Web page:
Asian markets were mixed on Monday with early gains pared by continuing concerns about the brewing China-US trade war, while the yuan struggled to maintain momentum after the Chinese central bank moved to support the unit.
Traders started the day on an upbeat note, tracking their New York and European counterparts following recent painful losses.
The gains came as data on Friday showed that while the US economy saw a slowdown in jobs creation in July, the pace of hiring remained strong over the past three months.
The report also showed wage growth remained tepid, helping ease worries about an overheating economy.
The result provided some much-needed cheer to markets, which brushed off a warning from Beijing that it would impose new tariffs on $60bn worth of US goods if Washington pushes ahead with levies on $200bn of Chinese imports.
However, while reports said unofficial talks have been held between Beijing and Washington, trade tensions continue to rise, with a top White House adviser calling China a bad bet and saying its economy - the world's second biggest - was struggling.
By the end of trade on Monday Tokyo was 0.1% lower, reversing a morning rally, while Shanghai tumbled 1.3%. Seoul dipped 0.1%.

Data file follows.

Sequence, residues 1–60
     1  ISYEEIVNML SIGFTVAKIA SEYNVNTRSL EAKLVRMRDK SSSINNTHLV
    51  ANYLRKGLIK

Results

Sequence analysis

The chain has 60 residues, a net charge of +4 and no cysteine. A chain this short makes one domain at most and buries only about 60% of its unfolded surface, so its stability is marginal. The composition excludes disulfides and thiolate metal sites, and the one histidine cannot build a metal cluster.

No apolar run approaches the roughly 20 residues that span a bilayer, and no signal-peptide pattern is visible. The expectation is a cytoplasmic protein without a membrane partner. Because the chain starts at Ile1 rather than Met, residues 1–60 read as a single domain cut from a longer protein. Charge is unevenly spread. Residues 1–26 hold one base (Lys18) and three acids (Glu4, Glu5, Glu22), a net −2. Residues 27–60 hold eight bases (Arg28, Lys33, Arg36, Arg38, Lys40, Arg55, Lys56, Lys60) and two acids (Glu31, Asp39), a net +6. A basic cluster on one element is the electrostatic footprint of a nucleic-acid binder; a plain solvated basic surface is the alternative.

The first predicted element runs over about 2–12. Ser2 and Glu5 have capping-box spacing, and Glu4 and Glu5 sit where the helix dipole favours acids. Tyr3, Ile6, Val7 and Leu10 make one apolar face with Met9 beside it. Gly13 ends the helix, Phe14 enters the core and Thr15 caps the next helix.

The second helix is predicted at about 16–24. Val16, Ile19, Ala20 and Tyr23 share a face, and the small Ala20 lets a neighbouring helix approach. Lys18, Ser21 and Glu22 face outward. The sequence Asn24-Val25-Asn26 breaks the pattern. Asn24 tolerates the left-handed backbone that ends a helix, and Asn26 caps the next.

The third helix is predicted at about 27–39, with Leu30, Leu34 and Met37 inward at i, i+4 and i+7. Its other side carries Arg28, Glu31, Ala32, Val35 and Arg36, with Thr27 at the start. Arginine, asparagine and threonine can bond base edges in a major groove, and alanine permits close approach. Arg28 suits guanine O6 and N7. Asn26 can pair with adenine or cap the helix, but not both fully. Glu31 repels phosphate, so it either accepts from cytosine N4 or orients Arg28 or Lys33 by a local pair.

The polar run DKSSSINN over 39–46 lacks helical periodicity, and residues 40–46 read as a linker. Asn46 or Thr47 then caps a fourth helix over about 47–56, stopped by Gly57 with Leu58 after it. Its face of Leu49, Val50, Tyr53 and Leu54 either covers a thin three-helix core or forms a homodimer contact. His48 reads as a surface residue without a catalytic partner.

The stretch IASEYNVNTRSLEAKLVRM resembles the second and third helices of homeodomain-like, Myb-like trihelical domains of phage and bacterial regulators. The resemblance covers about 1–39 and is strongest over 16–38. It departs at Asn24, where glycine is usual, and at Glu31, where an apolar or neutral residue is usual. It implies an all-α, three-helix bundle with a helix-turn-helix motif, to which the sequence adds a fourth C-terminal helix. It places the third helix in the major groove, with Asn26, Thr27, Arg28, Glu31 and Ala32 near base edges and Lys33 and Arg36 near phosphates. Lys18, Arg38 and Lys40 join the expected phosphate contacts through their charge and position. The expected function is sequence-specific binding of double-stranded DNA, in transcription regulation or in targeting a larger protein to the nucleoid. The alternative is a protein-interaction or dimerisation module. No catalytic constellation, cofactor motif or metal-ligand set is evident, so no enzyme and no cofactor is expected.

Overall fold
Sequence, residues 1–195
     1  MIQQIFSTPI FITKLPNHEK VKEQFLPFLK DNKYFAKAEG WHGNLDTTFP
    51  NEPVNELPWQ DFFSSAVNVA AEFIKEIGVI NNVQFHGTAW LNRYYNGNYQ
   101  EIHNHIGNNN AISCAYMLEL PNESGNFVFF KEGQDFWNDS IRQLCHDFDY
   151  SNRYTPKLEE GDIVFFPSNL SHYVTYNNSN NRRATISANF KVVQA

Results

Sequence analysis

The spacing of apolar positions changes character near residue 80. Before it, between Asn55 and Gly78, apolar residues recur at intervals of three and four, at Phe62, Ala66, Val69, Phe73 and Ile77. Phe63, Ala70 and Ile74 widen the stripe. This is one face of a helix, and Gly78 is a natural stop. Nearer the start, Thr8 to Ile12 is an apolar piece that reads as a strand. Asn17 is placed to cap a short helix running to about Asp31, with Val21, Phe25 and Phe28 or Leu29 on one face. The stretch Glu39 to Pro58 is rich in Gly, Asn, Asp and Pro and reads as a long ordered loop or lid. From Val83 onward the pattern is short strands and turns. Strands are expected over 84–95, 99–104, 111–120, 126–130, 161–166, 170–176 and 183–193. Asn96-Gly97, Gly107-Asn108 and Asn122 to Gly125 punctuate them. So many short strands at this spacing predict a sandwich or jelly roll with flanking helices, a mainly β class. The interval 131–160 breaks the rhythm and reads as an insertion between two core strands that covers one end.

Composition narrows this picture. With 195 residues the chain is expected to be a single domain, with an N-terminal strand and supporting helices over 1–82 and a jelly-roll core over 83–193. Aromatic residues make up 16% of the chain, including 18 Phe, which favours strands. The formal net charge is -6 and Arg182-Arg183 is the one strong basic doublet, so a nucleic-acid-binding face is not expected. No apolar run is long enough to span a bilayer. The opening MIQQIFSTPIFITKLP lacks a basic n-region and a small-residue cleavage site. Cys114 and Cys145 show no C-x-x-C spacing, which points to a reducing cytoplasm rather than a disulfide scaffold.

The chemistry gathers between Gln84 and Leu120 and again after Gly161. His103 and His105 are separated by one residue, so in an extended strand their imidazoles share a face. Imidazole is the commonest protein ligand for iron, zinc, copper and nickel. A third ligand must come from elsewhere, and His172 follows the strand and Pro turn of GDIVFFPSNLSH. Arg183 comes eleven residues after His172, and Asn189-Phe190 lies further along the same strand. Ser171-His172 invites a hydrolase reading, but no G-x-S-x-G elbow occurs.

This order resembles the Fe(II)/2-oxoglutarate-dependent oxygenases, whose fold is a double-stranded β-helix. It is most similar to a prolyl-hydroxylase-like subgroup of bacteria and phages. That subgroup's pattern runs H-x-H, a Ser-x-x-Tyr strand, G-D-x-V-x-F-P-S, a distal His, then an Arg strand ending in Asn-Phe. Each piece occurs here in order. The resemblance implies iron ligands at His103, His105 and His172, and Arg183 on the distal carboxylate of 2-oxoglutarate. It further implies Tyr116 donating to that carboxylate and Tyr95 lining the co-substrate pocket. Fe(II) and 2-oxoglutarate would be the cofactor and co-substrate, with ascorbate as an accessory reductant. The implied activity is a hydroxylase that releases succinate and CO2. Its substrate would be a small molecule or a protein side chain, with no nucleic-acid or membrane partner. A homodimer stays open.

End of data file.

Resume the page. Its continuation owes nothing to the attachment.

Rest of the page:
Hong Kong was up 0.3% in late trade but well down from the gains of more than 1% seen soon after the open.
Sydney added 0.6%, Singapore gained 0.8% and Taipei was 0.1% higher. Manila and Bangkok were flat while Jakarta jumped more than one percent despite an earthquake that rattled the island of Lombok and killed dozens of people.
The yuan's early gains petered out, having made small gains Friday after the People's Bank of China unveiled measures making it harder to bet against the currency, which has suffered steep losses in the past two months.
The unit, which is wallowing around lows not seen for more than a year, bounced back soon after the announcement. It extended the gains Monday morning before going into reverse.
The bank's measure was similar to a move when the currency went into freefall following a devaluation three years ago that rattled global markets.
However, analysts were lukewarm on the move. Some said it indicated Chinese leaders were growing increasingly worried about the unit's depreciation.
"The yuan kept falling when China did this last time in 2015, so I don't think the PBoC's move will significantly change the market tone," Hao Hong, chief strategist at Bocom International Holdings, told Bloomberg News.
"No matter what happened over the weekend, the weakness in Chinese stocks may continue. The trade war is nowhere near its end and China's economy is slowing down, so why would the trend reverse?"
In other forex trading, the pound was fighting to recover from Friday's sell-off after Bank of England boss Mark Carney warned that the chance of leaving the EU without a proper deal was "uncomfortably high" and "highly undesirable".
While he said such a situation was still unlikely compared with other outcomes, the comments come as leaders on both sides are struggling to reach a compromise with just months to go before Britain is due to formally exit.
The remarks sent sterling tumbling, with an interest rate rise last week unable to provide any support.
In early European trade London was flat, Paris added 0.1% and Frankfurt gained 0.2%.